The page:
Surface aerators are one of the most often utilized wastewater lagoon aeration technologies. When making any buying decision, it’s always important to be well informed. Below you will find a full breakdown of surface aeration as it relates to wastewater lagoon treatment.
The 3 Main Types of Surface Aerators
- Horizontal Aspirator – This variety of wastewater lagoon surface aerator is comprised of a motor aligned horizontally 45 degrees or more. A hollow shaft with a propeller tip connects to the motor and rotates on ball bearings. Aeration of the water occurs below the surface of the water as the motor rotates the propeller and air is pushed down the shaft and into the basin where it is turbulently churned into the water.
- Vertical “Splash” Aerator – This surface aerator gets its name from its vertically aligned motor. A propeller at the bottom of the motor spins and draws water from underneath the unit, and then launches it into the air in a circular pattern. Water aeration occurs above the surface as the small droplets of water fall back to the basin; the large collective surface area of the droplets allows for contact between water and ambient air, facilitating oxygen transfer.
“Jet” Surface Aerator – This brand of surface aerator is essentially a hybrid of the vertical and horizontal aerators. Like the horizontal aerator, its motor is located off-axis and aeration is achieved via drafted air or injected with a blower. Like a vertical aerator, water is drawn from a propeller and expelled across the surface, using the droplet-to-air contact to transfer additional oxygen.
The Benefits of Surface Aeration (Pros)
Below are a few of the main benefits of choosing surface aeration to treat your wastewater lagoon.
- Portable – Surface aerators simply float on the water and are held by moorings attached to onshore anchors. As a result, moving the aerator is rather simple; the unit is simply disconnected from its moorings and pulled to the new location.
- Easy Installation – Since these aerators are portable and require no subsurface mounting, installation is simple. You can place them in their location without draining the cell, secure them with moorings, connect electric cables, and be off and running.
- Good in Rough Environments – These aerators are composed of type 304 or 316 stainless steel, and are heavily resistant to corrosive wastewater. This makes surface aeration suitable for the most extreme environments (such as industrial pulp and paper plants, chemical industry, etc.)
- Good in Shallow Water – Surface aeration treatment takes place exactly where you would think it would—the surface. As a result, the shallower the water, the more directly affected the entire water column can be.
- Less Affected by Surfactants – Surfactants are substances that line the surface area between air and water, creating a barrier to oxygen transfer. These aerators largely avoid this problem by forcing the bubbles into the water and “churning” them up with a propeller, thus decreasing the influence of the surfactant.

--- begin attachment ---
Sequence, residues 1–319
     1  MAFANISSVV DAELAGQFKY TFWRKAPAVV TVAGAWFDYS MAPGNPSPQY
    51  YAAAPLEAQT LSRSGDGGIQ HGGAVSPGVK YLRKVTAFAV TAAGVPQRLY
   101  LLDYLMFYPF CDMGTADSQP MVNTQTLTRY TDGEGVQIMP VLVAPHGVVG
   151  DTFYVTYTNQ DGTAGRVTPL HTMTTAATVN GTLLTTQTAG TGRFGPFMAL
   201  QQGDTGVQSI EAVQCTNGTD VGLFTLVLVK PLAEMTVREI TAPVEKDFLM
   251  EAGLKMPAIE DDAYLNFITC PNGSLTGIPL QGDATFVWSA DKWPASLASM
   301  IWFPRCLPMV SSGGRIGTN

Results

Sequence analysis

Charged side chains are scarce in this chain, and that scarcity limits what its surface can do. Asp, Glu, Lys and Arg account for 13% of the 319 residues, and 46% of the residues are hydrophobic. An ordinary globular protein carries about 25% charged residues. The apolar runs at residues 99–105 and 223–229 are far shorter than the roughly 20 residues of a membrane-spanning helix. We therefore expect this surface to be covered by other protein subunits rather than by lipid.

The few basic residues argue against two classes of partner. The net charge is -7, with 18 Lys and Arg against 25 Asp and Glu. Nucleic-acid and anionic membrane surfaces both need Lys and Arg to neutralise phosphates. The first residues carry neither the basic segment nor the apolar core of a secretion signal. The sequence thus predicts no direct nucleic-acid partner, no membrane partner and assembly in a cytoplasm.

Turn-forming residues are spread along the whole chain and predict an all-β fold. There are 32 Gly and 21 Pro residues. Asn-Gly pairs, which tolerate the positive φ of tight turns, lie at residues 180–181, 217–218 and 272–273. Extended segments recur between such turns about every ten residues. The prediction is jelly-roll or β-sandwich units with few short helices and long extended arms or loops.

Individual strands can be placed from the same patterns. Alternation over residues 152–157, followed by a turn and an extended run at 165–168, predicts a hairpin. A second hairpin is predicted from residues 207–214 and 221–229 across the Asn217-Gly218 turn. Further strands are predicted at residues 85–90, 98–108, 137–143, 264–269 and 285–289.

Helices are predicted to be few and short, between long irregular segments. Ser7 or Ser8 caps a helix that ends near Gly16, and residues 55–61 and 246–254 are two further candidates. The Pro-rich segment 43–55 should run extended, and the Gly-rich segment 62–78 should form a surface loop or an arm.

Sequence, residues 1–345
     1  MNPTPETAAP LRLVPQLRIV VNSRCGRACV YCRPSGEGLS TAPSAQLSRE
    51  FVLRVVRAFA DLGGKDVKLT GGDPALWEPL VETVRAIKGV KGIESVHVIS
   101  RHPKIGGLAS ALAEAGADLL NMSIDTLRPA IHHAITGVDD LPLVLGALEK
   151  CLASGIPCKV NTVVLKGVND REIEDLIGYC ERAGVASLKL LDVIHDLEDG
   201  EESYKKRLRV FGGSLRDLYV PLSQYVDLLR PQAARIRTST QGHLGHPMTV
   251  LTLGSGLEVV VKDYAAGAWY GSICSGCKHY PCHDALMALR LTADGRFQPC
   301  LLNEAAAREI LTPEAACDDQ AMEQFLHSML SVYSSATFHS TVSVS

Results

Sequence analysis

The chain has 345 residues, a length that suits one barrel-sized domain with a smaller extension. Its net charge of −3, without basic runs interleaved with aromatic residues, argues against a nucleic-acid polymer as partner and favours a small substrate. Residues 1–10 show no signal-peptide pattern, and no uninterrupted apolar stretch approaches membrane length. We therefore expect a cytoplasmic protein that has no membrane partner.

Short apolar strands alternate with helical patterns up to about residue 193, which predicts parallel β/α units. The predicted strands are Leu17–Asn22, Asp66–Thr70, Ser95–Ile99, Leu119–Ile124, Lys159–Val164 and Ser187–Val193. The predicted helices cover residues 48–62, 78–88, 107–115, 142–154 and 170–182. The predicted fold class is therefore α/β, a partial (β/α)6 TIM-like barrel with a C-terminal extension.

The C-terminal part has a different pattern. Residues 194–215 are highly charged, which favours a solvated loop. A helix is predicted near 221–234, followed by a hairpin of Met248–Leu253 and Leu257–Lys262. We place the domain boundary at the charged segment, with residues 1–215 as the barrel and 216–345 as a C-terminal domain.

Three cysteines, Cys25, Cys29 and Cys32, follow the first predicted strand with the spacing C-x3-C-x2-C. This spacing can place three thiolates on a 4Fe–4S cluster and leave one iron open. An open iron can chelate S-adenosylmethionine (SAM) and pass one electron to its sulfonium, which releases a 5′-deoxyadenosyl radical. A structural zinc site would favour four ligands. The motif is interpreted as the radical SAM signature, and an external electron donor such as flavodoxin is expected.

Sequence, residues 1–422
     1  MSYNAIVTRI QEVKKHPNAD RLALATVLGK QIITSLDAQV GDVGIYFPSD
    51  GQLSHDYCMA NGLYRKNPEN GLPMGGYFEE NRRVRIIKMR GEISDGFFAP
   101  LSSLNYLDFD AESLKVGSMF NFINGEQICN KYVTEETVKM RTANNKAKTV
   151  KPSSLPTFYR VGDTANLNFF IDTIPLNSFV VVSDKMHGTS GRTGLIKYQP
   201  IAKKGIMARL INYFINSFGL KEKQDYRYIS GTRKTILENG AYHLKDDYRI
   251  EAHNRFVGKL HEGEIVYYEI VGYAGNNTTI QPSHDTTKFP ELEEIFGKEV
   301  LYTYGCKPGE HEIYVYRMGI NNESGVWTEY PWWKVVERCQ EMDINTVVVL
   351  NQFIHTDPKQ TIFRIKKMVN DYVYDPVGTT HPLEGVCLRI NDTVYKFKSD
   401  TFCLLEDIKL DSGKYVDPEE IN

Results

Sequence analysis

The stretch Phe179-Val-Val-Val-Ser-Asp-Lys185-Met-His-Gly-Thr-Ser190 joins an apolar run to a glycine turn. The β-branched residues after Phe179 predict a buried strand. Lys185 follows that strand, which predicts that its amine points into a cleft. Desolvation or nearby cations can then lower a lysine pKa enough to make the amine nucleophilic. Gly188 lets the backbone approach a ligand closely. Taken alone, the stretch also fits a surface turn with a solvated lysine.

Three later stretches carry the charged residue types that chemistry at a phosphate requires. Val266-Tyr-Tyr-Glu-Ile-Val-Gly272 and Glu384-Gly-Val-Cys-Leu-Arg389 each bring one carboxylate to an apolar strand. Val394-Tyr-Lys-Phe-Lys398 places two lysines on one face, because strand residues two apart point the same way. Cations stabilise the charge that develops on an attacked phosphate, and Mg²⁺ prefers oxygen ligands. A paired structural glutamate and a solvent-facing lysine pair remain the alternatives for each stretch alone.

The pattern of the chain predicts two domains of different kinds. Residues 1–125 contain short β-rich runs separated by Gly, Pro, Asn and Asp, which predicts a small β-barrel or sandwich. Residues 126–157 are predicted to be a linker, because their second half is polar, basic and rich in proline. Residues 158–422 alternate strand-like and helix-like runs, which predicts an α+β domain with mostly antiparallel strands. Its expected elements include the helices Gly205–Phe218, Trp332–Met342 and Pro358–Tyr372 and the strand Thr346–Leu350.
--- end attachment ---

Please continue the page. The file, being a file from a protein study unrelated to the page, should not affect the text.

The Disadvantages of Surface Aeration (Cons)
Conversely, here are some of the main disadvantages of choosing surface aeration to manage your wastewater lagoon.
- High Maintenance Requirements – These surface aerators rely on constantly moving motors on the surface of the water to operate properly. As a result, the potential for breakdown increases. For this reason, mechanical aerators have a much higher malfunction rate than other systems. It is recommended that each surface aerator be serviced biannually. Given that wastewater lagoons typically use 5–10 surface aerators and they can only be serviced from a boat, this maintenance job becomes a hassle. Furthermore, by installing a system prone to malfunctioning, you risk excessive facility downtime.
- Inefficient Aeration – Independent testing facilities have shown surface aerators to transfer just 1.25–2.25 pounds of oxygen per horsepower hour. This is compared to diffused aeration systems, which can impart as much as 6–7 lb/hp-h. As a result, Surface Aerators have higher power requirements and cost more to run.
- Limited Mixing Performance – A surface aerator can really only mix the water in its immediate vicinity. Treatment is generally completed by only a few surface aerators per wastewater lagoon. As a result, “dead zones” tend to develop where water stagnates and sludge accumulates. The only way to increase mixing is to add additional aerators at an increased capital and operational cost. Our article Wastewater Mixing Alleviates Odor & Sludge Issues is a case study illustrating the importance of lagoon mixing.
- Ineffective in Deep Water – Since the aeration takes place on the surface, the deeper water columns see little to no treatment. This allows solids to accumulate, virtually untouched by the aerator. The addition of draft tubes can help some, but even so the area of influence is very limited horizontally across the surface.
- Trouble in Cold Weather – In cold temperatures, water churned up by surface aerators freezes when it is exposed to ambient air. The combination of splashing water, and being exposed to freezing rain and snow, makes these motors prone to failure in cold weather. It is for this reason that some northern states have banned the use of mechanical aeration in new plants. Our blog, Winter Wastewater Lagoon Operations: Is Your Lagoon Ready?, outlines some of the challenges lagoons face when temperatures drop.